'The Glass House' Premiere Review: Is It a 'Big Brother' Rip-Off?
'The Glass House' Premiere Review: Is It a 'Big Brother' Rip-Off?
John Kubicek
John Kubicek
Senior Writer, BuddyTV
Yes.

Realistically, that should be my entire review of ABC's new reality series The Glass House. The show about 14 people locked inside a house and forced to compete was at the center of a huge legal dispute with CBS' Big Brother, which tried to get this show off the air before it began. And after watching the premiere of The Glass House, I wish they succeeded.

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As a huge fan of Big Brother who's been watching it for a decade, I'm loyal to the original and have no intention of continuing with The Glass House. I hope many of my fellow Big Brother fans will do the same, and I suspect they will. Unlike singing competition shows, which are all the same, Big Brother has intensely loyal and obsessive fans. And The Glass House looks and feels EXACTLY like a Big Brother rip-off.

The only slight difference is that viewers vote for who gets eliminated, which is an experiment Big Brother tried in season 1 and quickly got rid of because it was so stupid. The Glass House has two teams, and the captain of the losing team and one other member of the losing team will head to Limbo, where America votes for who stays and who goes.

The key to a reality show is casting, and The Glass House is full of painfully obnoxious people.

There's Alex, aka Prime Time 99 (whatever the hell that means), who seems to have wandered onto this show after being eliminated in the first round of The Bachelorette for being too douchey. He openly admits to trying to play the role of the most entertaining villain in the history of reality TV, which is just wrong on every level. My biggest complaint is that his idea of being a reality TV villain is so cliche and pedestrian (ooh, he calls a woman fat and says her poop stinks, how edgy) that he's nothing special, and some of the other idiots on this show fall for his crap.

It's all so forced and staged, especially the way he keeps calling everyone else "baby back bitches." He's not even worth hating because he so desperately craves the attention. Calling him a "fame whore" would be insulting to actual whores. I'd more than happily write 1,000 more words on how annoying he is, but that's exactly what he wants, so I'll stop now.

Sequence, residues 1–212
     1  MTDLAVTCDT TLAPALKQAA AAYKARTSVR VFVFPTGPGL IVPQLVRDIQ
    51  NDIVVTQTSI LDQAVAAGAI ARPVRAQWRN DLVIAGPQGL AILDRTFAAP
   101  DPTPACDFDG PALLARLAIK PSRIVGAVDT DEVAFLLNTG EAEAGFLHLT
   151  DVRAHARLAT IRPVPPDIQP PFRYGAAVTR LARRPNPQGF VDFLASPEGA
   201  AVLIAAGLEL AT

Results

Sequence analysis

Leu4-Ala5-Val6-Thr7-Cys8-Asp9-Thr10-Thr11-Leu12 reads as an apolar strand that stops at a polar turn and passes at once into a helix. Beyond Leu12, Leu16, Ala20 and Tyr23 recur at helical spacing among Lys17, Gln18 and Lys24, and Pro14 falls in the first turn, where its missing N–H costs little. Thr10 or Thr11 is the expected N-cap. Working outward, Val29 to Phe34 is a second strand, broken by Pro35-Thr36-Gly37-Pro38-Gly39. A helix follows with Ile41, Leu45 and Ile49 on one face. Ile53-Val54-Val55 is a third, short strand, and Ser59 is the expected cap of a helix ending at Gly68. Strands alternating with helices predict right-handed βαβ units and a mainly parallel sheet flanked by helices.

There's Jacob, Alex's instant bro-mate who isn't sure if Oregon is on the west or east coast. He describes himself as "street smart, not common sense smart" which almost makes me like him because it makes me think he's mentally retarded. There's no other explanation for his level of stupidity.

There's Jeffrey, the big, fat gay guy who is such a painful cliche that I assume he's Kathy Griffin's personal bodyguard.

There are a ton of hot girls who all use the word "real" to describe themselves in their introductions. Seriously, more than half of them said it so now the word "real" means nothing to me.

There's Apollo who reminds me of a slightly uglier version of Adam from HBO's Girls, only with ears as big as a satellite dish. He also decides his entire game strategy based on random draw.

There's Mike, who claims that being 48 years old makes him a senior citizen who is close to death. I suppose when it comes to reality TV casting, he's right.

In case you can't tell, I have nothing but contempt for this group of misfits who are either not smart enough or not interesting enough to make it onto Big Brother so they have to settle for reality TV's sloppy seconds like the singers who are on Duets instead of American Idol or The Voice.

The premiere competition featured Jacob's team losing, which was heavily foreshadowed the night before when he told his team "I got no doubt that we're not gonna win." Obviously he didn't mean that, but when he's forced to string together more than four words at a time, he gets confused.

The most interesting part is a twist where the contestants get to ask online fans a question and everyone else in the house sees the answer, but no the question. These range from strategic questions to questions about whether Ari the racecar driver is still on The Bachelorette (that question obviously comes from a contestant who knows about network synergy).

At the end of the day, Alex is sent to Limbo with Jacob because everyone is sick and tired of Alex acting like a d-bag. They don't hate him because he's an amazing reality TV villain, they hate him because it's so obvious he's trying to be the villain.

The funniest part is that, at the very end, it's reveled that Jacob quit the show after he went into Limbo, so he's gone and now America has to vote on whether Alex should stay or go. In theory I hope he is kicked off The Glass House, but since there's no chance I will ever watch this lame Big Brother rip-off again, I honestly don't care.


(Image courtesy of ABC)

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